J. C. Crisp, Verlon Swafford. and
Landslides, triggered by thawing
snow and existing problems of
land shifting in some of the dirt
fills, threaten to rip out portions 1
of US 23-441 between Franklin
and Cowce Gap at the Macon
Jackson county line.
Highway officials yesterday
(Wednesday) were keeping a con
stant watch on the danger areas
Miss Judy Blaine, Franklin High
student and daughter of Mr. and
Mrs. Doyle W. Blaine, yeste;day
? Wednesday' was announced a;
a winner of a $2.!)00 ALCOA
She was one of several child rei
of Nantahala Power and Light
Company employes to apply to
P.-T. A. Meeting
Ready Comes Here
Franklin P.-T A. has postponed |
Its March meeting until March
28 when Dr. I E Ready, chairman
of the statewide curriculum study,
will be here to tell" what his com
mittee is doing.
Mrs. H. Bueck program chat j
man, has extended an invitation \
to all P.-T A.'s in the county to at- !
A question-answer session I
planned for Dr. Re.ir'y
An official of the N.C. Depart
ment of Conservation and De
velopment, Richard P. Mauney.
will be the guest speaker here
tomorrow (Friday) night at the
annual membership banquet of
the Franklin Chamber of Com
Slated for 7 o'clock in the
cafeteria at Franklin High, the
occasion will mark the 20th an
nnd the new president, W. W.
Reeves, will outline a chamber
program for 1960.
Mr. Mauney, who is a native
of Murphy and an attorney, is
encaged in industrial promotion
work for the state as a develop
ment engineer with the Depart
nual meeting of the organization
ment of Conservation and De
velopment. He will be introduced
by Macon School Supt. H. Bueck,
who is president of the W.N.C.
Associated Communities, an or
ganization devoted to promoting
the western portion of the state.
While in Franklin. Mr. Mauney
and his mother. Mrs. Kate
Mauney, of Hayesville, will be the
guests of School Supt. and Mrs.
A welcome and review of past
activities will be presented by J.
C. Jacobs, last year's chamber
president, and guests will be In
troduced by B L. McGlamery,
it i H
T. Y. Angell, vice-president, will
present a '60 operating budget to
the membership for approval. It
Macon Digs Out From Under Heavy Blanket Of Snow, Snow, And More Snow - Now Must Fight Thaw And Mud
ii? iiimii? imimirnri ----- - - -h--- ?mm, ia ? ? ?- iTTT "^Tl" "Ti Hi ill ' i jm -m - ft 11 ~
EVERYONE IS THINKING about the weather. And for a Rood s
rmson. The weather is the only thing that has been active for
the past several days. Since Wednesday of last week, Macon s
County has dug out from under a snow that ranged from about in
night inches in Franklin to a couple of feet or more in the r
higher derations; went through a quick melting session Thurs
day: braved another small snow storm early Friday; shivered J
and shook and perspired, alternately, over the week end as the c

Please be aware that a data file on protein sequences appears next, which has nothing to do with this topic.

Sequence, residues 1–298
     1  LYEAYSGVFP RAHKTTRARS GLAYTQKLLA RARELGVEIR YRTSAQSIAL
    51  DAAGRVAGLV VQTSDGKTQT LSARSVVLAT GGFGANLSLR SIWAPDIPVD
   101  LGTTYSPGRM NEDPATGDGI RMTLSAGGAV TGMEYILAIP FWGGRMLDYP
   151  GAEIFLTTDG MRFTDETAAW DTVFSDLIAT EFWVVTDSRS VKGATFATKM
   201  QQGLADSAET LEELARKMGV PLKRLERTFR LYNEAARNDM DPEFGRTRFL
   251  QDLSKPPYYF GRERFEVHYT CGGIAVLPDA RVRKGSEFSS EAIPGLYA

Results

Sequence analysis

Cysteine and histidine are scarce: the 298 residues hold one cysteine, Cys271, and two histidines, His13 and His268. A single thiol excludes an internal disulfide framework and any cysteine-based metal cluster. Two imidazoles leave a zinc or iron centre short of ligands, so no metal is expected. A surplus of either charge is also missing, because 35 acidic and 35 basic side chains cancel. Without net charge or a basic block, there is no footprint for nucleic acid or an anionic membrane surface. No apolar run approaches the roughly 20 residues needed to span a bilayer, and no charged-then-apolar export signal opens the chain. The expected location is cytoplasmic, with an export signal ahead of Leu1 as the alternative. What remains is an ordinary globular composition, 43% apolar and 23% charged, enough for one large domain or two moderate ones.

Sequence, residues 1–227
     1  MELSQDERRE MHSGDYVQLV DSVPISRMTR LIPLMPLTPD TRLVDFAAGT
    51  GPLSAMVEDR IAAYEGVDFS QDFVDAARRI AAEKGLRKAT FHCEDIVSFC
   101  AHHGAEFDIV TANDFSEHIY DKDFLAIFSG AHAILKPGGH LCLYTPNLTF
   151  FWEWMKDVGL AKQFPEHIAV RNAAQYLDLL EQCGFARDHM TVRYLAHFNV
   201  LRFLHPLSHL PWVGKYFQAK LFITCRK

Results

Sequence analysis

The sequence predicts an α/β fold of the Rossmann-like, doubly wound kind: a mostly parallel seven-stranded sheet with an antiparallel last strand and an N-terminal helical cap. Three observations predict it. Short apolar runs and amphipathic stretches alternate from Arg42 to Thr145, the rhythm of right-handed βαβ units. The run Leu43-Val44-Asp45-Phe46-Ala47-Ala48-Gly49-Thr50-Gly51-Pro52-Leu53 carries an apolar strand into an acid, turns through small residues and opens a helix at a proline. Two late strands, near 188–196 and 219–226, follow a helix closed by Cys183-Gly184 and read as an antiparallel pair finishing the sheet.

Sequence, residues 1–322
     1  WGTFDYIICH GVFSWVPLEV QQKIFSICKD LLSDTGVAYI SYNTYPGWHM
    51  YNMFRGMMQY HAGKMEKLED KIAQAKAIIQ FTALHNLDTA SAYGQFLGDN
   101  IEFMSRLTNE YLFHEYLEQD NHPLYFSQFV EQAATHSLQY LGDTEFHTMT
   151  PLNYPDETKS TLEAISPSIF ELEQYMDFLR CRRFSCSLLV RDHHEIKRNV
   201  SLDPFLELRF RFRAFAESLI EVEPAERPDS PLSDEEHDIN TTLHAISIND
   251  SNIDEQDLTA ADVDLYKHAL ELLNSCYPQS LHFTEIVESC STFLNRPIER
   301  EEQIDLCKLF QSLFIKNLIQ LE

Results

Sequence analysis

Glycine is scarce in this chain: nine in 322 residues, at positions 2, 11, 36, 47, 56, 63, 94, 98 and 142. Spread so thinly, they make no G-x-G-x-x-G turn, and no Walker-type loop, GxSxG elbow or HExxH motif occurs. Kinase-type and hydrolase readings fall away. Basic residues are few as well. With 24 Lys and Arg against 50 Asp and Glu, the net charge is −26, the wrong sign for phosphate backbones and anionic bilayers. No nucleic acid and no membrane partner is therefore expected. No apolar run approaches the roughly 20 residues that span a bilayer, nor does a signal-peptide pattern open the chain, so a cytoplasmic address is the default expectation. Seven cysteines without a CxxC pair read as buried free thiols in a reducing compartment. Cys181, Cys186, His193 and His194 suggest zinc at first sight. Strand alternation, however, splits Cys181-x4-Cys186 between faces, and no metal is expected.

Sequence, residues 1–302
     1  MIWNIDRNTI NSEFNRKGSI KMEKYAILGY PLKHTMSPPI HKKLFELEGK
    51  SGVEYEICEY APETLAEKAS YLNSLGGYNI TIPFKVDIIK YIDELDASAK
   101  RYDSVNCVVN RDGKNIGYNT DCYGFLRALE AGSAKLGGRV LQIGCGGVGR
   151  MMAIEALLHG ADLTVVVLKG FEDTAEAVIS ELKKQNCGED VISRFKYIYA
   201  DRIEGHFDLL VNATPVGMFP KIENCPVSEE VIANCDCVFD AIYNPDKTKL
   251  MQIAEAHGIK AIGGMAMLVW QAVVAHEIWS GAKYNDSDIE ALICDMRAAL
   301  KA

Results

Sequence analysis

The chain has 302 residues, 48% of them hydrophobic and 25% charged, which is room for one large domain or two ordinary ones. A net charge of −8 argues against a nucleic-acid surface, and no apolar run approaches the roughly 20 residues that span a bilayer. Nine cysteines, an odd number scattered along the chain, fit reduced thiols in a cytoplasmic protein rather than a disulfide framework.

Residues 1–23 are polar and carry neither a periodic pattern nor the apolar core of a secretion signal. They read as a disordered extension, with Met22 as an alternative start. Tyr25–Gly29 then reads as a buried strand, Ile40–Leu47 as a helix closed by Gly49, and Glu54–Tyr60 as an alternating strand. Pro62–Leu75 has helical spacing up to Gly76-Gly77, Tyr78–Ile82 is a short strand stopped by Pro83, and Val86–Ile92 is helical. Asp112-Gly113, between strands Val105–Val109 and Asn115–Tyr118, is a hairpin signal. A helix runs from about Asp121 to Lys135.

mercury jockeyed for a level; resigned themselves to about an- I
other inch or so of snow Monday night; aiwf then breathed a
sigh of relief whan rain started falling late Tuesday night. All I
are In agreement on one point; This has been the durndest I
pell of weather in many, many years.
In the photograph above, at left, Jimmy Shuford measures
even inches of snow on top of an automobile in Franklin about
toon. The snow storm abated shortly before 2 , o'clock, leaving
nore than eight inches in town.
Wednesday's storm, coupled with afternoon closing, found
Kain Street in Franklin resembling a ghost town. Only a few
?in were in sight and the street was covered under a heavy
ila .Ket of snow.
Traveling, was practically at a standstill during the heavy snow,
>ut a few ingenious people, like yomng Charles Clouse fat right),
ounrf ways to get about. Charles, who works for THE PRESS
on press day, used a small garden tractor pulling a trailer with '
seats to get to work. It took him more than an hour to travel
from his home in the Watauga section to town. He later used <
the tractor to plow snow from the sidewalks In the business i
By mid-afterneon, snow plows and road scrapers had the
highways open, but rural roads could only he traveled with
Warming temperatures Thursday, under clear, sunny skies,
saw a fast melting rate and run-off. This turned most rural
roads into muddy bogs almost as difficult to travel as they were
a hen piled high with snow.
True to forecasts, .more snow came in the early morning hours
of Friday. Koads were treacherous with ice and most vehicles
moved with chains.
Monday night, snow started falling again about 8:30, but
stopped before midnight. About an inch or so> fell.
Yesterday (Wednesday) the weather forecast was for rain,
turning to snow in the mountains of North Carolina.
"I hope the groundhog is neck-deep in water with a mouth
ful1 of snow," declared a disgruntled Maconian. "It would serve